This blog series on Reflections is intended to encourage Christians to read more vigorously by providing a beginner’s guide to some of the Christian classics in such fields as theology, philosophy, and apologetics. Hopefully a very brief introduction to these important Christian texts will motivate today’s believers, as St. Augustine was called to in his dramatic conversion to Christianity, to “take up and read” (Latin: Tolle lege) these classic books.


This week’s book, Treatise Concerning Religious Affections by Jonathan Edwards, is considered a classic Christian text as well a groundbreaking work in the field of psychology of religion. Edwards’s work seeks to provide a criteria for evaluating the authenticity of Christian religious experience in light of the mass religious conversions that were taking place in the New England colonies during the First Great Awakening of the eighteenth century. 

Why Is This Author Notable?

Jonathan Edwards (1703–1758) has been called America’s greatest philosophical theologian. Born in the American colonies, he became a central voice in the First Great Awakening and preached arguably the most famous sermon in Christian history, “Sinners in the Hands of an Angry God.” He was the first president of the college that would later become Princeton University. For more about him and his accomplishments, see my article, “Christian Thinkers 101: A Crash Course on Jonathan Edwards.” 

What Is This Book About?

Jonathan Edwards’s Treatise Concerning Religious Affections developed a whole new field of academic study known as the psychology of religion. Personal religious experience is often what people appeal to most in order to argue that they have discovered God. Yet while religious experience is engaging, it is subjective in nature and may be caused by other factors than just an authentic encounter with the divine. There is also the challenge of people in non-Christian religions having similar religious experiences to that of Christians.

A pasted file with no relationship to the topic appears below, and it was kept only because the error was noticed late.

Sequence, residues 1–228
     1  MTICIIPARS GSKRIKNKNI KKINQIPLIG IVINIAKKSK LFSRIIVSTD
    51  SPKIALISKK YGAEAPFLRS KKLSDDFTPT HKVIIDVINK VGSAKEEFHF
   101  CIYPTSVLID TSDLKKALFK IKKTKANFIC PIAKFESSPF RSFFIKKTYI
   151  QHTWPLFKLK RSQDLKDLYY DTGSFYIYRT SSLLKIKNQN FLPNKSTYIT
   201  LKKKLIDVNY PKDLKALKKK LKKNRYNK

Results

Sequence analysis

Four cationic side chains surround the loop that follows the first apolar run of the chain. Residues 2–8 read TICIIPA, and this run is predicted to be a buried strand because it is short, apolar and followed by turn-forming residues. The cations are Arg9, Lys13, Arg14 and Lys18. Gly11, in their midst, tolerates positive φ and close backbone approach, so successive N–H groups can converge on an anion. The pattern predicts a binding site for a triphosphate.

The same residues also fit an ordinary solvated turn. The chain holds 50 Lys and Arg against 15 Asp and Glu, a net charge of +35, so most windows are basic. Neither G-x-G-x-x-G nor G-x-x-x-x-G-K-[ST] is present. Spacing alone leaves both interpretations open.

In light of the mass conversions to Christianity that were happening during the First Great Awakening (in the 1730s and 1740s) and how often those conversions involved overt religious experience, Edwards set out to discover how to discern this complex phenomenon. His book was intended to provide a criteria for evaluating authentic Christian conversion experiences from those that were the result of mere hysteria or from other possible religious sources.

Written in 1746, Edwards’s work is divided into three major parts. He describes how an authentic conversion to Christ happens in a biblical context through regeneration via the Holy Spirit. He also notes how both emotion (the affections) and the intellect play critical roles in Christian conversion. Finally he develops a list of twelve negative (inconclusive or false) signs of conversion, and contrasts the negative list with what he calls the twelve signs of true religious conversion. The result is that Edwards provides a formidable biblical, philosophical, and psychological analysis of the profound phenomenon of religious experience.

Jonathan Edwards writes about what the affections reveal about the authenticity of a person’s religious experiences:

“There are false affections, and there are true. A man’s having much affection, don’t prove that he has any true religion; but if he has no affection, it proves that he has no true religion.”1

Why Is This Book Worth Reading?

Edwards’s book is a timeless work because it combines the complex subject of the psychology of religion with critical theological and apologetics analysis. All Christians need help in discerning true religious experience from merely psychological experiences, or even help in contrasting the biblically correct from the spiritual counterfeit (see 1 John 4:1–3).

Edwards’s work doesn’t answer all questions about how to think Christianly about every type of religious experience, but it is definitely a masterful tool crafted by one of Christianity’s most distinctive thinkers and pastors.



  1. Jonathan Edwards, The Works of Jonathan Edwards, Vol. 2: Religious Affections, ed. John E. Smith (New Haven, CT: Yale University Press, 2009), 121.